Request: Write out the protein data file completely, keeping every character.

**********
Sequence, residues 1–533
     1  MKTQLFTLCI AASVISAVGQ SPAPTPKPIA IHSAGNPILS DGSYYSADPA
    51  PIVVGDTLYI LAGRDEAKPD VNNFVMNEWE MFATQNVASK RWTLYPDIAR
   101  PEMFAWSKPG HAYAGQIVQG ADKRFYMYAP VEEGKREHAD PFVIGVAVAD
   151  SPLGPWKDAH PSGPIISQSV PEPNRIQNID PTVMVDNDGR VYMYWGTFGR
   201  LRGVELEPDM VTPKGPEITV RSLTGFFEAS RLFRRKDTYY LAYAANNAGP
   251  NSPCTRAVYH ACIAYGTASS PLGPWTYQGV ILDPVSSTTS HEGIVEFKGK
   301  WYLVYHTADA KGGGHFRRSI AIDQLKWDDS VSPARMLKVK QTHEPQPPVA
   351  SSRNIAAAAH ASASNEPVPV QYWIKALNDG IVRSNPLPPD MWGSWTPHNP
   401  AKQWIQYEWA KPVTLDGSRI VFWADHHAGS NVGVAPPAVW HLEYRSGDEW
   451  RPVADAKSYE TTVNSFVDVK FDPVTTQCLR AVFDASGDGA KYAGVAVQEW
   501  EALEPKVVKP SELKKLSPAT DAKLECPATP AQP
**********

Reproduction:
Sequence, residues 1–533
     1  MKTQLFTLCI AASVISAVGQ SPAPTPKPIA IHSAGNPILS DGSYYSADPA
    51  PIVVGDTLYI LAGRDEAKPD VNNFVMNEWE MFATQNVASK RWTLYPDIAR
   101  PEMFAWSKPG HAYAGQIVQG ADKRFYMYAP VEEGKREHAD PFVIGVAVAD
   151  SPLGPWKDAH PSGPIISQSV PEPNRIQNID PTVMVDNDGR VYMYWGTFGR
   201  LRGVELEPDM VTPKGPEITV RSLTGFFEAS RLFRRKDTYY LAYAANNAGP
   251  NSPCTRAVYH ACIAYGTASS PLGPWTYQGV ILDPVSSTTS HEGIVEFKGK
   301  WYLVYHTADA KGGGHFRRSI AIDQLKWDDS VSPARMLKVK QTHEPQPPVA
   351  SSRNIAAAAH ASASNEPVPV QYWIKALNDG IVRSNPLPPD MWGSWTPHNP
   401  AKQWIQYEWA KPVTLDGSRI VFWADHHAGS NVGVAPPAVW HLEYRSGDEW
   451  RPVADAKSYE TTVNSFVDVK FDPVTTQCLR AVFDASGDGA KYAGVAVQEW
   501  EALEPKVVKP SELKKLSPAT DAKLECPATP AQP